Support ship Fort Victoria helped thwart an attack as pirates fired rockets at a merchant ship off Oman.
04 July 2011
Ten pirates in a couple of skiffs made repeated efforts to storm the bulk carrier MV Sagar Ratan with boarding ladders.
It flashed an SOS as it took evasive manoeuvres to defend itself some 150 miles southwest of the Omani capital Muscat.
RFA Fort Victoria was the nearest naval vessel in the area and made straight for the 61,000-tonne merchant ship’s position, punching through heavy seas caused by a monsoon.
At the same time, the American carrier USS Ronald Reagan launched two F/A-18 Hornets, which buzzed over the skiffs, still trying to storm the Singaporean-flagged Sagar Ratan.
The combined effect of Fort Victoria presence, the US jets and the guile and bravery of the merchantman’s own crew, who came under attack from five rocket-propelled grenades as they took evasive action, caused the pirates to break off their attack.
“Had it not been for Fort Victoria’s swift intervention, another innocent vessel would have fallen into pirate hands and more seamen would have suffered the fate of being held as hostages,”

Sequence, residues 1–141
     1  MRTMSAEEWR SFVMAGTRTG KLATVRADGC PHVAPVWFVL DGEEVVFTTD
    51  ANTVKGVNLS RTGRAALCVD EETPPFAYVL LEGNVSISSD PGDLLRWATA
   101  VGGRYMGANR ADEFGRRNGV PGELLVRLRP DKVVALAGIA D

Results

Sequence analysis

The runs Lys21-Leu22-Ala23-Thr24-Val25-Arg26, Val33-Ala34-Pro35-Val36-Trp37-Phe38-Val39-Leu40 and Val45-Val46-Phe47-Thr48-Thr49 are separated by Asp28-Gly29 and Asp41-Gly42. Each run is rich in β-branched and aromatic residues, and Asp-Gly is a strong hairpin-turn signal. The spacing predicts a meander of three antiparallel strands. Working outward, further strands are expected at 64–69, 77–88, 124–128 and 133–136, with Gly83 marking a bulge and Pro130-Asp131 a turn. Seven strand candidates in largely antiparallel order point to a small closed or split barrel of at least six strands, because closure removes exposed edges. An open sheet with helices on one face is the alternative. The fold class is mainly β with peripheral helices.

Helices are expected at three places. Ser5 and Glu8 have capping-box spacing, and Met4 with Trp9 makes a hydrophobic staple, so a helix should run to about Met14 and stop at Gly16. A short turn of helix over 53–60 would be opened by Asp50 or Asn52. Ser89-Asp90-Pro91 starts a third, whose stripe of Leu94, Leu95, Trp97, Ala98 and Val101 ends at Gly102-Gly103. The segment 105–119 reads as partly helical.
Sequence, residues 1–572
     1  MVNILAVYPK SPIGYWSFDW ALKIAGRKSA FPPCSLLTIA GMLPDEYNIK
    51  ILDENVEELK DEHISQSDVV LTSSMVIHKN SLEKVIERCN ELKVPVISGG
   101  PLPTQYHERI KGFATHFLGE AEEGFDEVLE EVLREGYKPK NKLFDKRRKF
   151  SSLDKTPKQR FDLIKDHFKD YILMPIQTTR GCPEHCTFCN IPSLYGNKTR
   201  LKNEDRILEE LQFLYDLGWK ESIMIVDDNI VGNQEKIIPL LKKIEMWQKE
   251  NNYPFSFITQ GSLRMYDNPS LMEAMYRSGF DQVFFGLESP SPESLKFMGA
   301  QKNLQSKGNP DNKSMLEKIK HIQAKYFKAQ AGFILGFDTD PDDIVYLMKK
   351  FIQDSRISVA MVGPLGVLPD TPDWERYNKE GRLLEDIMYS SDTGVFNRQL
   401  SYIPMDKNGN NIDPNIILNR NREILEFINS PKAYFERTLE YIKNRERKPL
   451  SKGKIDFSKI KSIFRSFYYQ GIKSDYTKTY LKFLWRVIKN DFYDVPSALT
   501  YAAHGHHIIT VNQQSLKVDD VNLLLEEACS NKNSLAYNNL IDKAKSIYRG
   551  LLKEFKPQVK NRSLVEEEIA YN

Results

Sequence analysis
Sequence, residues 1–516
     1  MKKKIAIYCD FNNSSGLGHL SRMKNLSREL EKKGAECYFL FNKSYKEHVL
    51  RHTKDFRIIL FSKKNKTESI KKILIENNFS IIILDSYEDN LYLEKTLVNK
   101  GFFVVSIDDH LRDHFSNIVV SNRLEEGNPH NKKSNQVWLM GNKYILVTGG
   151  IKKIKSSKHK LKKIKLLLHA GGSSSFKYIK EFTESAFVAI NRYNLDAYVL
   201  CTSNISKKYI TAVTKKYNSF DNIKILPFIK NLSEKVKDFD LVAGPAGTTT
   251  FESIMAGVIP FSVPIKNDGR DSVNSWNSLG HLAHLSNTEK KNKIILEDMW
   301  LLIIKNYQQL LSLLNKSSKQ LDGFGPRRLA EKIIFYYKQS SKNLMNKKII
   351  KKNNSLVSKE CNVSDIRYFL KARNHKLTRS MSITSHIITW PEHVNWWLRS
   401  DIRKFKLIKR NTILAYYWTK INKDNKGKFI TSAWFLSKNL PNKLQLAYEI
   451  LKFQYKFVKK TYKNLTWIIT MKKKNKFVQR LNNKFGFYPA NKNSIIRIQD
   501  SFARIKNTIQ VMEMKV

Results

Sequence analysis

said the ship’s Commanding Officer Capt Ian Pilling RFA.
That brought an end to the attack on the Sagar Ratan, but not an end to the drama because Fort Vic – a one-stop support ship which is accompanying the UK’s Cougar amphibious task group in the Middle East – helped anti-piracy commanders monitor the scourge.
The auxiliary shadowed the pirates’ mother ship – the Taiwanese fishing vessel Shiuh Fu No.1, hijacked off Madagascar on Christmas Day last year and now being used by the marauders to launch attacks throughout the Indian Ocean.
Fort Vic spent four days stalking the Shiuh Fu No.1 and the five small skiffs it uses to carry out hijackings, warning merchantmen in the area to stay clear. At the same time a helicopter from the cruiser USS Gettysburg carried out surveillance flights of the pirated vessel.
The RFA eventually broke off its shadowing mission and re-joined the Cougar force, led by flagship HMS Albion, while another Allied warship in the region continued to track the Shiuh Fu No.1’s movements.
The monsoon period is due to end imminently which means an upsurge in pirate activity is feared. As of the end of June some 400 seafarers were being held hostage by the modern-day buccaneers, and at least 20 vessels are in the hands of pirates.